Migrant workers to migrating farmers

Written by YRK Reddy | Updated: Nov 18 2004, 05:30am hrs
When indentured workers sailed to the Caribbean and Africa, they hoped to get back home in a few years time. This dream failed for many, as they were forced to remain there, not able to afford the passage back for decades. Several died from the shock and grief of the unexpectedly prolonged separation from their loved ones. Hopefully, the current move by the Andhra Pradesh (AP) government to send hundreds of farmers will not be a disaster for the debt-ridden. They would be the first to opt for such migration, which is a better escape route than suicide.

AP has hit the headlines in Africa too. The official version in East Africa is that there is potential foreign investment coming in, to boost their economies. Hence they are agreeable to giving the letters of intent. Contrary to this, the story here is that there is fertile land with abundant water, which is underutilised, primarily due to the lower capabilities of the African farmers, while thousands of capable farmers are idling in AP!

Prominent leaders in the African region, some of whom I met last week, were cautiously positive. They feel a pilot project would be ambitious enough now, as several conditions need greater reckoning. One, the geographical dispersion of populations is such that good wages and expensive logistics are required for getting enough farm labour. Alongside, expensive mechanisation is needed (with which the Punjab farmer is more familiar than the small farmer in AP).

Second, most of the land is not easily connected to the market yards or processing centres, consequent to which there ought to be high investments in infrastructure for better connectivity. Third, the real cause of their problem is the lack of credit and subsidies comparable to the developed world. Thus, it appears rational to import subsidised produce than grow domestically. On the other hand, in sectors like tea, which does not enjoy great subsidies anywhere, Kenyans, for example, are setting a tough chase to competitors from Sri Lanka, and India.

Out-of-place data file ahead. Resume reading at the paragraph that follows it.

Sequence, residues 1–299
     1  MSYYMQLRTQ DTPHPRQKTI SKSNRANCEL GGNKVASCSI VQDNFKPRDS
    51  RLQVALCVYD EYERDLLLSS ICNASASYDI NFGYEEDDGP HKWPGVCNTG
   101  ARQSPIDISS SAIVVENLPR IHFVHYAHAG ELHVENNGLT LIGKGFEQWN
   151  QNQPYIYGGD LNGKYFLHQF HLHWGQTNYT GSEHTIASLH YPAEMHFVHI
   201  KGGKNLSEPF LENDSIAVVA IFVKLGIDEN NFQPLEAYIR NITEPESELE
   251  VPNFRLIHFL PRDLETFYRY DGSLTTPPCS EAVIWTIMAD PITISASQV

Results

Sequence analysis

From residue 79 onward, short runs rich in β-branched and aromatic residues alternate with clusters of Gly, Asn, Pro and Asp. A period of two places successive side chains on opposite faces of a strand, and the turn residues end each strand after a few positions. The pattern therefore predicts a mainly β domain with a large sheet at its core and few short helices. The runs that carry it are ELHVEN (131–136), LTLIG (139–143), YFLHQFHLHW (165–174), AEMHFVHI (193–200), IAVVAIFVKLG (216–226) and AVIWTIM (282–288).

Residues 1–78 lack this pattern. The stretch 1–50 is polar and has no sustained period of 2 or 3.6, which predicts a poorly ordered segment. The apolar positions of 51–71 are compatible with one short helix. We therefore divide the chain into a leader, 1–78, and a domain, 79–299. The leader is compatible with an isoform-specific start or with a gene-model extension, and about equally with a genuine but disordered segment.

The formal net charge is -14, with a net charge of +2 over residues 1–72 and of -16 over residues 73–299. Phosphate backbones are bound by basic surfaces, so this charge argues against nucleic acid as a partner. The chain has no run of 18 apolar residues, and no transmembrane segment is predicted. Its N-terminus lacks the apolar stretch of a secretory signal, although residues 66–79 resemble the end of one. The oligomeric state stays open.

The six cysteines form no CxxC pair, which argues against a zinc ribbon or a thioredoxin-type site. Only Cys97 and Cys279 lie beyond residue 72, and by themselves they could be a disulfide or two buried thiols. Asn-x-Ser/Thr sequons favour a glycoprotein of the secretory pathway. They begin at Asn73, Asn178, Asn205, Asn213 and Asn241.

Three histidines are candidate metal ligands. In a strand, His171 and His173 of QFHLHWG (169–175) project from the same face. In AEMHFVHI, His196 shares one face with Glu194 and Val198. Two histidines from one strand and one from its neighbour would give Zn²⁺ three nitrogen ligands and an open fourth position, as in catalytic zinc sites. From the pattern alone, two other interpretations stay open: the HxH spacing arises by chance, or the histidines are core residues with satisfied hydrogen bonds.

Fourth is related to financing of the cooperatives being planned as vehicles on both sides. If the AP government wishes to provide the money, it must also reckon the complex risks, which might include lack of insurance and inability to enforce creditors rights.

Hopefully, the proposal to send AP farmers to Africa will not be a disaster
The common African is angry with the idea of Indian farmers being imported
Fifth, there is already a concern of illegal farming and occupation of forestland in East Africa by non-resident farmers under the controversial shamba system. Consequently, the environment minister in Kenya, who called this a failed system and a cat-and-mouse game, has now given a deadline for these farmers to move out. He has also announced plans for reforestation with the involvement of local groups. Thus, the environmental concerns may indeed exclude large tracts of land and make available only the arid and the semi-arid than the fertile.

Sixth is the need for culture management, as there is a strong history and glaring evidence that Indians do not integrate at all in Africa. Language and cultural sensitivity are tough hurdles for getting the cooperation required, for this experiment to be successful. Africa has become an angry continent during the last 10-15 years for having been marginalised in every way, and is seeking an African identity and intracontinental cooperation. The new African sentiment needs understanding, respect, and support at the diplomatic levels, and can be saved from projects that threaten it.

The African sentiment may not be articulated aggressively by their leaders but the common African is incensed at the idea of importing Indian farmers. Some comments on the web: Arent there Kenyans who can farm I cannot believe our black folly. Another comment reads, Has Christopher ComeToRobUs just discovered a land and named it East Africa The land has an overwhelming mass of good farmers but a vacationing public sector (government) has left them at the mercy of over-subsidised foreign agriculture. Another comment says: Will the Indian farmers sugar, or cotton, or banana, sell more than ones we produce And yet another reads, This may be another form of slavery in the making.

The odds are, indeed, loaded against this project but who will stop the AP government from learning the hard way